Malony v. Adsit - 175 U.S. 281 (1899)
U.S. Supreme Court
Malony v. Adsit, 175 U.S. 281 (1899)
Malony v. Adsit
Argued October 25-26, 1899
Decided December 4, 1899
175 U.S. 281
Allowing and signing a bill of exceptions is a judicial act, which can only be performed by the judge who sat at the trial, and section 953 of the Revised Statutes is intended to provide and does provide that no bill of exceptions can be deemed sufficiently authenticated unless signed by the judge who sat at the trial, or by the presiding judge if more than one sat.
This action being an action of ejectment, the provision in section 3524 of the Oregon Code with regard to actions for forcible entry and detainer have no application to it.
In May, 1896, Ohlin H. Adsit filed a complaint against John F. Malony in the United States District Court for the District of Alaska, to recover possession of the undivided one-half of a tract of land in the Town of Juneau, District of Alaska. The complaint averred that on the 29th day of April, 1891, and for more than nine years prior thereto, the plaintiff and his grantors were the owners by right of prior occupancy and actual possession of the land in question, and that plaintiff was entitled to the possession thereof; that one James Weim was the owner of the other undivided one-half part of said land; that, on or about the 29th day of April, 1891, the defendant and his grantor, without right or title so to do, entered thereon, and ousted and ejected the plaintiff and his grantors therefrom, and from thence hitherto have wrongfully withheld possession from the plaintiff.
The plaintiff prayed judgment for the recovery of the possession of an undivided one-half part or interest of, in, and to the whole of the described premises, and for his costs and disbursements in the action.
On June 8, 1896, the defendant demurred to the complaint on the alleged ground that the same did not state facts sufficient to constitute a cause of action.
On October 9, 1896, the court overruled the demurrer and gave leave to the defendant to file an answer. An answer and replication thereto were filed. The case was tried August 10, 1897, before Arthur K. Delany, district judge, a jury having been waived. Judge Delany made the following findings of facts and conclusions of law:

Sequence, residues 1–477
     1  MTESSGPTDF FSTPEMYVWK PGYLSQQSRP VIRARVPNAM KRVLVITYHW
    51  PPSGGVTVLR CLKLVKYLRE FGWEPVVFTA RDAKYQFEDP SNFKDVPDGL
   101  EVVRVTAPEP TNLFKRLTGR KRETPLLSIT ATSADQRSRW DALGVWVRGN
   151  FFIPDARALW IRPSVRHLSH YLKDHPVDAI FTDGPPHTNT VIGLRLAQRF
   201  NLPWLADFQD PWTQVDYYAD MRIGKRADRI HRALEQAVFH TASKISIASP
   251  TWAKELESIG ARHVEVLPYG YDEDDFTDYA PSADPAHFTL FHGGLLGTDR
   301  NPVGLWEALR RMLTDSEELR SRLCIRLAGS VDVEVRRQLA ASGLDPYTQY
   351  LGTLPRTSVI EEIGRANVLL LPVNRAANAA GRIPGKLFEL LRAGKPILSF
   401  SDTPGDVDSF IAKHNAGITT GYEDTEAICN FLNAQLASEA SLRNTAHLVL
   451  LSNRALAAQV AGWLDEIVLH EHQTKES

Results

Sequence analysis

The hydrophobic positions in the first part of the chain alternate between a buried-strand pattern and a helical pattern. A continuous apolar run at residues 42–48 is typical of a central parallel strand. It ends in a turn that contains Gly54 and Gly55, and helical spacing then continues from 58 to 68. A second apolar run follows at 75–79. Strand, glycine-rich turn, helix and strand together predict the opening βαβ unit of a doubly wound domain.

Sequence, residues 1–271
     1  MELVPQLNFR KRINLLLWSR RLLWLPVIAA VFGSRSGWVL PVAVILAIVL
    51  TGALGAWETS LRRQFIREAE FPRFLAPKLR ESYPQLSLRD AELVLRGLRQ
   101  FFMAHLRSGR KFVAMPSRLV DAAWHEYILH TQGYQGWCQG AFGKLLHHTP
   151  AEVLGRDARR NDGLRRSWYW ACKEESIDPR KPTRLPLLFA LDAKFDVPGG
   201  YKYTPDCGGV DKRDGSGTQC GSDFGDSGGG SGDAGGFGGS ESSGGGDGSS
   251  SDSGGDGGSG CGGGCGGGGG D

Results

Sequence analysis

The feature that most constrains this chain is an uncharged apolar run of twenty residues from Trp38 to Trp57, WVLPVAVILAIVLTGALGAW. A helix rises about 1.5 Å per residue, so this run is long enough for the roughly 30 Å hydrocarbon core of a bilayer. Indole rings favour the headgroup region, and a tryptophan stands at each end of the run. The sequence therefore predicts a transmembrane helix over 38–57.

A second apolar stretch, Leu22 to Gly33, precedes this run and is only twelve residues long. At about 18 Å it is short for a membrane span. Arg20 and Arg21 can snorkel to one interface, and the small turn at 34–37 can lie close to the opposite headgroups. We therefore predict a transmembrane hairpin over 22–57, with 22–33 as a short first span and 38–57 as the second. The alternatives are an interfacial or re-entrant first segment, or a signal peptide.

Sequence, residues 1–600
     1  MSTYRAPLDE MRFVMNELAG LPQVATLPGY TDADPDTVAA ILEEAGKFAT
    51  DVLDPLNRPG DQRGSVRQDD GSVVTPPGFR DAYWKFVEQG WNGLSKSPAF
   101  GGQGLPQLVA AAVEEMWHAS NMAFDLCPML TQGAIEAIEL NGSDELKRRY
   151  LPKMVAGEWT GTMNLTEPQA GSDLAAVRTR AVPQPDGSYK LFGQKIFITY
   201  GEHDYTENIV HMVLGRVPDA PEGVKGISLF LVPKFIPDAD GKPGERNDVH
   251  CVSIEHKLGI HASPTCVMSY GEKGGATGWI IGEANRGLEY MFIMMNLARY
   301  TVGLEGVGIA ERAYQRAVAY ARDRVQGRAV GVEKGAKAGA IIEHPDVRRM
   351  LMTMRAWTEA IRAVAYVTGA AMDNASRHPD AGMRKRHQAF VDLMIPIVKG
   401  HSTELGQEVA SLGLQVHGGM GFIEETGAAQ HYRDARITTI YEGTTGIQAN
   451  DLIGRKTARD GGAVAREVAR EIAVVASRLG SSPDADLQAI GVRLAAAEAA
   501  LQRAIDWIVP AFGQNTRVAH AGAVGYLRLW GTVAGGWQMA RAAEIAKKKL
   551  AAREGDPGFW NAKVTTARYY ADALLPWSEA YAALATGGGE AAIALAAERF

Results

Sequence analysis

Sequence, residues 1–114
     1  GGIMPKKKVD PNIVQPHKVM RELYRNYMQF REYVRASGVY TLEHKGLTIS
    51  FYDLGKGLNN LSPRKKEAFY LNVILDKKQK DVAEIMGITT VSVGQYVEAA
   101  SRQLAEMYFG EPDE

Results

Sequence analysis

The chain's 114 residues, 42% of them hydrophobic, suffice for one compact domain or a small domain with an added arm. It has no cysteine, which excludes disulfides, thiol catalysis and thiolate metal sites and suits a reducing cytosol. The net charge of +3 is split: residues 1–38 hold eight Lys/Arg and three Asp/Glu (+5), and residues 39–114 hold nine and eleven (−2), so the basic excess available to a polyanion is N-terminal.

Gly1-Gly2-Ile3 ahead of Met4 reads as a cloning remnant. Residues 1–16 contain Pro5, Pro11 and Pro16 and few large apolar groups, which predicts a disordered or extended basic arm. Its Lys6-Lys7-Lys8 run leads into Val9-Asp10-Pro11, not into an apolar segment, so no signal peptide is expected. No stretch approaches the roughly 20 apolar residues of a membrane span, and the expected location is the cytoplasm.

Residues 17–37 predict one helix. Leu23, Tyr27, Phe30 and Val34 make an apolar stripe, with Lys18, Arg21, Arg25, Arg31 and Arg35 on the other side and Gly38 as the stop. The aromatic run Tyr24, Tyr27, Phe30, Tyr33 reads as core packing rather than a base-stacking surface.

"This cause having been regularly called for trial before the court -- a jury trial having been expressly waived by stipulation in open court of the respective parties appearing herein -- Johnson & Heid appeared as attorneys for the plaintiff, and John F. Malony, the defendant herein, appeared in proper person, and the court having heard the proofs of the respective parties and considered the same and the records and papers in the cause and the arguments of the respective attorneys thereon, and the cause having been submitted to the court for its decision, the court now finds the following facts:"
"I. That on the 19th day of April, 1881, the plaintiff and his grantors entered into actual possession of all that certain lot, piece, or parcel of land described in the complaint as lot numbered four (4), in block numbered four (4), in the Town of Juneau, District of Alaska, according to the plat and survey of said Town of Juneau made by one G. C. Hanus, accepted and adopted in the year 1881 by the citizens of the town formerly known as Rockwell, but now Juneau, Alaska, said lot being situated on the corner of Second and Franklin Streets, in said Town of Juneau, claiming said lot, piece, or parcel of land in their own right, and the said plaintiff and his grantors have, ever since the date last aforesaid, occupied, used, and possessed said lot or piece or parcel of land, having erected a substantial frame or wooden building or structure thereon, using and claiming the same in their own right from that date to the present time adversely to all the world, and especially as against the defendant."